6–15 (for the first queries there were less than 50 hits for some ong>ofong> the ong>searchong> engines). The ong>resultsong> were normalized

so the numbers are between 0 and 1 (all values were divided by 2550—the highest possible value),

just like in (Fagin et al., 2003). The ong>resultsong> appear in Table 3 together with the size ong>ofong> the overlap (the z

value in the formula for computing F (k+1) ) for the two top 50-lists. Note that for query 10, HotBot retrieved

only 46 ong>resultsong>.


Table 2

Correlations between pairs ong>ofong> ong>searchong> engines on the queries

Google–Alltheweb Google–AltaVista Google–Hotbot AlltheWeb

AltaVista

AlltheWeb–HotBot

AltaVista–Hotbot

Sp sig ol Sp sig ol Sp sig ol Sp sig ol Sp sig ol Sp sig ol

q01 0.6 0.85 13 0.8 0.00 19 1.0 0.00 2 0.4 0.40 6 0.4 0.60 4 1.0 0.00 1

q02 0.4 0.02 26 0.7 0.00 19 0.7 0.00 17 0.8 0.02 9 0.4 0.31 10 0.3 0.49 9

q03 0.4 0.02 26 0.7 0.00 19 0.7 0.00 17 0.8 0.02 9 0.4 0.31 10 0.3 0.49 9

q04 0.4 0.78 44 0.1 0.78 8 0.4 0.03 44 0.7 0.19 5 0.5 0.06 16 0.1 0.87 5

q05 1.0 0.00 2 0.5 0.67 3 1.0 0.00 2 1.0 0.00 2 1.0 1.00 2 0

q06 0.0 0.69 125 0.7 0.00 67 0.4 0.05 22 0.2 0.13 42 0.1 0.72 28 0.4 0.20 12

q07 0.0 0.94 69 0.8 0.00 80 0.4 0.03 31 0.1 0.34 59 0.1 0.45 32 0.1 0.57 22

q08 0.0 0.94 69 0.8 0.00 80 0.4 0.03 31 0.1 0.34 59 0.1 0.45 32 0.1 0.57 22

q09 0.0 0.79 100 0.6 0.00 49 0.5 0.01 28 0.2 0.27 34 0.0 0.98 28 0.5 0.04 18

q10 0.1 0.23 66 0.6 0.00 46 0.3 0.24 22 0.4 0.08 23 0.3 0.35 16 0.4 0.43 7

q11 0.0 0.89 133 0.0 0.96 128 0.1 0.42 78 0.3 0.00 162 0.2 0.02 146 0.4 0.00 108

q12 0.3 0.00 258 0.3 0.00 263 0.4 0.00 99 0.5 0.00 412 0.3 0.00 163 0.4 0.00 160

q13 0.1 0.44 220 0.5 0.00 270 0.4 0.00 100 0.3 0.00 341 0.1 0.05 191 0.3 0.00 159

q14 0.7 0.00 177 0.7 0.00 225 0.6 0.00 85 0.7 0.00 177 0.6 0.00 96 0.5 0.00 90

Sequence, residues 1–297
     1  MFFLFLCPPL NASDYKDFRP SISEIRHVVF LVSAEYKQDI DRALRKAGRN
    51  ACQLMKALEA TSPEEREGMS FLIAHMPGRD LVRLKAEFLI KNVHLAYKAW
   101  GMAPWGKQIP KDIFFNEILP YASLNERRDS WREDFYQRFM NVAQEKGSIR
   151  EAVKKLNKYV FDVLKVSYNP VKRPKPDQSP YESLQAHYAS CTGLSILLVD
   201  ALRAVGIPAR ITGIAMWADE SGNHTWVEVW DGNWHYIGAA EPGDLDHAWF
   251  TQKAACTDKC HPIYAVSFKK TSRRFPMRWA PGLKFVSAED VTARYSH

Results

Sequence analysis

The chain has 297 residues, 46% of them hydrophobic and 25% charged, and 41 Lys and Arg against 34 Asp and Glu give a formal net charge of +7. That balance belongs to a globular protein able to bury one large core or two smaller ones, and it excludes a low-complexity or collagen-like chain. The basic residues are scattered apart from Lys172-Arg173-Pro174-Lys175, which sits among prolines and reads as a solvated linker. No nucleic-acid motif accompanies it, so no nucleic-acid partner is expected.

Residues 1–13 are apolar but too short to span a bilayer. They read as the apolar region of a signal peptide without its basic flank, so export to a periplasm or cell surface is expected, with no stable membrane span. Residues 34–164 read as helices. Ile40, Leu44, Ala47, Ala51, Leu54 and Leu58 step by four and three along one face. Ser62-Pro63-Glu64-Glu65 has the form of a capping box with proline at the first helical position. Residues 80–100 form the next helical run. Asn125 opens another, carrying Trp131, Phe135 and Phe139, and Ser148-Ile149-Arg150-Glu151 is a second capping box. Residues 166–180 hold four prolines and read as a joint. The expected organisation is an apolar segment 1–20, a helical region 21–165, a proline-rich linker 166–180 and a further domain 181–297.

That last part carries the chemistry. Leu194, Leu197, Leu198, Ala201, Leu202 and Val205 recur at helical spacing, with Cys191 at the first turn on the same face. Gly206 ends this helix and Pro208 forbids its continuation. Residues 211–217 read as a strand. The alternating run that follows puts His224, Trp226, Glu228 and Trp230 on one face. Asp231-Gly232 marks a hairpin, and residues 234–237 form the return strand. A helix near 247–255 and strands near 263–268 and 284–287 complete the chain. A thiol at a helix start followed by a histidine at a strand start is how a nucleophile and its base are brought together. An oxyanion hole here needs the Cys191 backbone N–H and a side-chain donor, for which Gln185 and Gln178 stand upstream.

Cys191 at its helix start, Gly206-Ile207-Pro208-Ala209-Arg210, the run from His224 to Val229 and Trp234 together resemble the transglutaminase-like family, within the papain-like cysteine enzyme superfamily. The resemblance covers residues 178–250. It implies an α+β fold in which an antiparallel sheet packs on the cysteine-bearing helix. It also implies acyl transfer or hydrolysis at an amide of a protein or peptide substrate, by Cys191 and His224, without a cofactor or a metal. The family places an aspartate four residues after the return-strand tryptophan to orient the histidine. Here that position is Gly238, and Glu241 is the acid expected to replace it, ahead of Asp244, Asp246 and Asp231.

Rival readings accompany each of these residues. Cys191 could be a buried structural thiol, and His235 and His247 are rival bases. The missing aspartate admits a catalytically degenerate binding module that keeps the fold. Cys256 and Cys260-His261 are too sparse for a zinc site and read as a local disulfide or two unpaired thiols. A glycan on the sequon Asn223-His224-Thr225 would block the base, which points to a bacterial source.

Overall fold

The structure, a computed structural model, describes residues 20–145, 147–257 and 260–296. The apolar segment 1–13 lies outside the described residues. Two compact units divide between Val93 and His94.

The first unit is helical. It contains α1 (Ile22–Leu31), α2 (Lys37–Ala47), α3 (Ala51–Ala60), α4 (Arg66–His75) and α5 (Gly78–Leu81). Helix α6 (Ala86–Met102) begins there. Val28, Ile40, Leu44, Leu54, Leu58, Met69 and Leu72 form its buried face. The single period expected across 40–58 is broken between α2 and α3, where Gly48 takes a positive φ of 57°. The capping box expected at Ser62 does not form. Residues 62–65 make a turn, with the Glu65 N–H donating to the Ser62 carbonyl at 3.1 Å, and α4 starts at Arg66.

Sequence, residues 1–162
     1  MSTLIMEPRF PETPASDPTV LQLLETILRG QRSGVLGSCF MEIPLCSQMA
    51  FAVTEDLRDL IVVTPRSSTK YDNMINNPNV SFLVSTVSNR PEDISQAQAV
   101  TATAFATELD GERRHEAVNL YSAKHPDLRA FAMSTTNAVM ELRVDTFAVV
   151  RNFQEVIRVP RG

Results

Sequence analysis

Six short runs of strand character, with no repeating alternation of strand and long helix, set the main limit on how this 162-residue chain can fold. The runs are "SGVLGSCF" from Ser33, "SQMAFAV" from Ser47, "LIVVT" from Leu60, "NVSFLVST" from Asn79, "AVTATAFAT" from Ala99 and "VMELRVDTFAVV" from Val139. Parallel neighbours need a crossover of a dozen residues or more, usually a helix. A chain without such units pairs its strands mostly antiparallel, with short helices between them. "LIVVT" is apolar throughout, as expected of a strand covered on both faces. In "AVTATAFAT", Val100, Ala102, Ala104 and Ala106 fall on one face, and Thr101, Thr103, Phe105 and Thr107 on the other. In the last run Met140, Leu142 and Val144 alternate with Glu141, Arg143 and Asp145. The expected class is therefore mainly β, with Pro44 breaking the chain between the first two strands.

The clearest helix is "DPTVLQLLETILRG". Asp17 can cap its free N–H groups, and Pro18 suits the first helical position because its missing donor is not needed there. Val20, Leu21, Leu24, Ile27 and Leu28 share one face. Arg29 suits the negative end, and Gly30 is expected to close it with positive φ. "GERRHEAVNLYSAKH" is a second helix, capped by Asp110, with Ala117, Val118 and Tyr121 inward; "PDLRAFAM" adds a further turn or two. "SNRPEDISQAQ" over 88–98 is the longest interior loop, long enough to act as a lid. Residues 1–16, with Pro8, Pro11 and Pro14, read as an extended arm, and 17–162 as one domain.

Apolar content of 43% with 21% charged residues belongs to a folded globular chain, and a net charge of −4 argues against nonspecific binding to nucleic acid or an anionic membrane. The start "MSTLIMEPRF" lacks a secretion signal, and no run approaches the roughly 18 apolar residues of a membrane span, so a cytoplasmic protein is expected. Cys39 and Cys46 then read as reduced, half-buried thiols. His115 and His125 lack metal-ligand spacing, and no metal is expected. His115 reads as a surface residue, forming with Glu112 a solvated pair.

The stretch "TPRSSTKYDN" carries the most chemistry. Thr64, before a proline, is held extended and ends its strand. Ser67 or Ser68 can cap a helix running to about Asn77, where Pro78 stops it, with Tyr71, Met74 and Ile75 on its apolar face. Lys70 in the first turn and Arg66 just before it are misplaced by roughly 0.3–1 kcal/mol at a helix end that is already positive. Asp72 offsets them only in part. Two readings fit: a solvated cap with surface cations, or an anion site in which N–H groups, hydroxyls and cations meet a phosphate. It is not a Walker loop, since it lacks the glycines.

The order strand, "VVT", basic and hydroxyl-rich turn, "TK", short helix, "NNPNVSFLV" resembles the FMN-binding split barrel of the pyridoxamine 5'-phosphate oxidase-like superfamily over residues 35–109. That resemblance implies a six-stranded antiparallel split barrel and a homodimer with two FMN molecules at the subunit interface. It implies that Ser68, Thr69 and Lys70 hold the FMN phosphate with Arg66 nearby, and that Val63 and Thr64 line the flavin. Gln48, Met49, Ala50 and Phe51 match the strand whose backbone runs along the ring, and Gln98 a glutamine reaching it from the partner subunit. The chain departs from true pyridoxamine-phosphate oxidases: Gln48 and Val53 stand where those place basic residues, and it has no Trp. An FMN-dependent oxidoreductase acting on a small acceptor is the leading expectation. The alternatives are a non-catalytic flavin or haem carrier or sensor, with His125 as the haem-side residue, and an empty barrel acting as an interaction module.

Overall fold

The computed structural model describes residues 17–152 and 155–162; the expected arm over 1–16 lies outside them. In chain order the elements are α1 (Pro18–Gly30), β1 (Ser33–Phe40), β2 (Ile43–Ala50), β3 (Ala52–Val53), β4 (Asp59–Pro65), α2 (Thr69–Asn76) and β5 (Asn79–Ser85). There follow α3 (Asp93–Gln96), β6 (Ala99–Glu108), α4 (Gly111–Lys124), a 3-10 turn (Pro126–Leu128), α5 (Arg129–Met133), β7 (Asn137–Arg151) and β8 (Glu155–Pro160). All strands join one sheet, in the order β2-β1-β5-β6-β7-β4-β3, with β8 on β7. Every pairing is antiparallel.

q15 0.6 0.00 178 0.7 0.00 193 0.4 0.00 77 0.6 0.00 247 0.4 0.00 92 0.5 0.00 97

Average 0.14 0.44 100.4 0.56 0.16 97.9 0.50 0.05 43.7 0.47 0.12 105.8 0.10 0.35 57.7 0.29 0.26 47.9

ÔSpÕ stands for SpearmanÕs rho; ÔsigÕ for significance (significant at the 0.05 level is bolded, and significant at the 0.01 level is in italics; ol stands for the size ong>ofong> the overlap).

1516 J. Bar-Ilan / Information Processing and Management 41 (2005) 1511–1519


J. Bar-Ilan / Information Processing and Management 41 (2005) 1511–1519 1517

Table 3

Normalized F 51 for queries 6–15

Go–All Overlap Go–Alt Overlap Go–Hot Overlap All–Alt Overlap All–Hot Overlap Alt–Hot Overlap

q06 0.933 4 0.801 12 0.818 7 0.855 8 0.884 7 0.816 10

q07 0.958 3 0.920 8 0.934 5 0.899 7 0.910 6 0.889 8

q08 0.963 2 0.362 34 0.964 4 0.915 8 0.874 9 0.968 3

q09 0.947 3 0.785 9 0.916 4 0.769 11 0.788 12 0.707 17

q10 0.968 2 0.838 7 0.928 3 0.755 12 0.794 11 0.864 7

q11 0.967 1 1.000 0 1.000 0 0.846 8 0.889 6 0.811 8

q12 0.962 3 0.973 6 0.962 3 0.804 10 0.912 5 0.951 3

q13 0.955 2 0.884 9 0.917 5 0.857 5 0.947 4 0.924 6

q14 0.744 12 0.627 23 0.791 10 0.751 10 0.813 9 0.872 9

q15 0.776 13 0.673 21 0.910 5 0.540 24 0.804 9 0.871 7

Average 0.917 4.5 0.786 12.9 0.914 4.6 0.799 10.3 0.861 7.8 0.867 7.8

F is a distance measure, therefore, the smaller the value the more similar are the ong>rankingsong> ong>ofong> the compared

ong>searchong> engines. Let us compare the ong>rankingsong> based on the average ong>ofong> SpearmanÕs rho with the ranking

based on the F metric. The comparison appears in Table 4.

Table 4 shows differences in ong>rankingsong> ong>ofong> similarity/correlation. The differences between the F values are

small, compared to the far more emphasized differences in the average values for SpearmanÕs rho. SpearmanÕs

rho is a well-known measure, and categorizations ong>ofong> the strength ong>ofong> the correlation exist. Some say that if the

absolute value ong>ofong> the correlation is below 0.3 then the correlation is weak, between 0.3 and 0.49 it is medium

and above 0.5 it is large (Cohen, 1988). Others define the correlation as strong, only if the absolute value is

above 0.7, and medium when the absolute value is between 0.4 and 0.7 (Rowntree, 1981). In either case we

see that the average correlation between Google and AltaVista and Google and Hotbot is medium-high,

while the correlations between Google and AlltheWeb and AlltheWeb and Hotbot are very low.

The most striking difference between the two ong>rankingsong> is the placement ong>ofong> the Google-HotBot pair. We

believe that the F measure is very strongly influenced by the size ong>ofong> the overlap, as we discussed in the methodology

section. Actually the ong>rankingsong> for the F measure are exactly according to the size ong>ofong> the average

overlap. Thus it seems that the F measure is useful in situations where the overlap between the ong>resultsong> ong>ofong>

every two pairs ong>ofong> compared ong>searchong> tools is considerable. SpearmanÕs rho, on the other hand, totally ignores

the non-overlapping elements, and concentrates only on the differences in the ong>rankingsong> ong>ofong> the ong>searchong> engines